With overwhelming support from the area's hotel, restaurant and retail sales operators, the Monterey City Council on Tuesday voted 4-0 in favor of a $32 million upgrade of the city conference center.

Speaker after speaker cited the 35-year-old facility's obsolescence in calling for a major remodel of the complex at Del Monte Avenue and Pacific Street.

Business leaders described the conference center as the anchor tenant of the downtown area, on whose success all other businesses depend.

A major factor in the remodeling is elimination of the 500-seat Steinbeck Forum with its sloping seat rows in favor of a flat-floor, 6,300-square-foot junior ballroom that can be reconfigured for meeting needs as required, said Brian Tennyson of LMN Architects, which studied the renovation plan and came up with four options.

"You can tune the room," he said, by adding stadium seating, stages or other amenities.

"We're not developing purpose-built rooms" for conference centers anymore, Tennyson said. Rooms have to be multipurpose and flexible to meet the needs of different conference customers.

Pam Wilson, director of education for the California State Bar Association, told the council "it's critical for us to come back, for the conference center to change."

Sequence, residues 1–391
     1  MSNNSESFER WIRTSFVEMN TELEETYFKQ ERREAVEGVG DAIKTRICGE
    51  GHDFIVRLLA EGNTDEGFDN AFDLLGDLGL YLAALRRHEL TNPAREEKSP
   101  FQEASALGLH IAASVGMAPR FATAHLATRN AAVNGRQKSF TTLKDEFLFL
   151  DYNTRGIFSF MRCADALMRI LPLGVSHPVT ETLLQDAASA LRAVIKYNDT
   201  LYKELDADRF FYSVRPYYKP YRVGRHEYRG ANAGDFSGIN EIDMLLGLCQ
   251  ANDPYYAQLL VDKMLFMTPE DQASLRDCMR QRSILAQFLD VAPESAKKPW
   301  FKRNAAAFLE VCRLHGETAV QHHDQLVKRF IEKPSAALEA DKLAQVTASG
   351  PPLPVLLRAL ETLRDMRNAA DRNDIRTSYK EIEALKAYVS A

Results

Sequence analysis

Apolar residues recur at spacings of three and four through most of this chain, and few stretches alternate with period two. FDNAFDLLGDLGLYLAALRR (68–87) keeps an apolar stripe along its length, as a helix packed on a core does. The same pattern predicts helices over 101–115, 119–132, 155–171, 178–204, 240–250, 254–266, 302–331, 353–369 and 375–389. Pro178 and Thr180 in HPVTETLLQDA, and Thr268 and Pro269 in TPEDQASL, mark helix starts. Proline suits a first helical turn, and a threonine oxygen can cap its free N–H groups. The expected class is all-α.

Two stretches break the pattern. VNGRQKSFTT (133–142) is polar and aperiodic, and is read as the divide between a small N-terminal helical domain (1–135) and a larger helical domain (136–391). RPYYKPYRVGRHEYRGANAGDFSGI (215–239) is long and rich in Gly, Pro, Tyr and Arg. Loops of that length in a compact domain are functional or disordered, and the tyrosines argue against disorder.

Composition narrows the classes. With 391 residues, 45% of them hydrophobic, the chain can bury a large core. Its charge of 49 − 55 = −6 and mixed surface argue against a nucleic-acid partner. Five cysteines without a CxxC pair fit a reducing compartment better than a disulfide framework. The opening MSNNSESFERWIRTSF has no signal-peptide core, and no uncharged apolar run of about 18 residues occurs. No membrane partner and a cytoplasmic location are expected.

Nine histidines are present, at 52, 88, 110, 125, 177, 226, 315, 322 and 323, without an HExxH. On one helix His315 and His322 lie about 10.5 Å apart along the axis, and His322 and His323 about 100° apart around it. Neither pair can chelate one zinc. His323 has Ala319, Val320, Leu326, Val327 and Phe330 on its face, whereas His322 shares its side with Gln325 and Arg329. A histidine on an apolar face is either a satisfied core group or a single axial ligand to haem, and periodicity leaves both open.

Councilwoman Libby Downey questioned Tennyson about the problems cities that invested in new conference centers faced when they didn't live up to financial revenue expectations.

"Everybody thinks it's a cash cow," he replied. "Some communities should not invest in them, but they're not looking out over Monterey Bay."

The preferred option, he said, involves changes in all three floors of the center to more efficiently utilize space and add capacity for dividing rooms up with moveable walls, as well as upgrading the center's electrical, plumbing and lighting to current convention standards.

The upgrade package's cost was estimated at $30.7 million in 2011, which included $24.6 million in construction costs and $6.1 million for design, permits, inspections and other soft costs. The total cost is estimated at $32.3 million, Tennyson said. The project, when started, would take 18 months.

Councilman Frank Sollecito, in casting his vote for the remodel, noted only two people spoke negatively about the proposed project, both focusing on financing and potential risks.

One of them, Judy Karas, suggested the city "go slowly on this" and spend its money on revitalizing the downtown area. Among other things, she said, Monterey needs a homeless women's shelter.

Councilman Alan Haffa agreed the city has a lot of unmet needs, but "we can't do it if we don't have the money.

"When times are bad," he said, 'is the time to make an investment."

The council approval on moving forward with the project was contingent on formation of a conference center facilities district to pay for the center renovation funded by the city's hotels.

Mayor Chuck Della Sala recused himself from the deliberations, citing a potential conflict of interest because of his parents' ownership of a motel at 707 Pacific St.

Kevin Howe can be reached at 646-4416 or khowe@montereyherald.com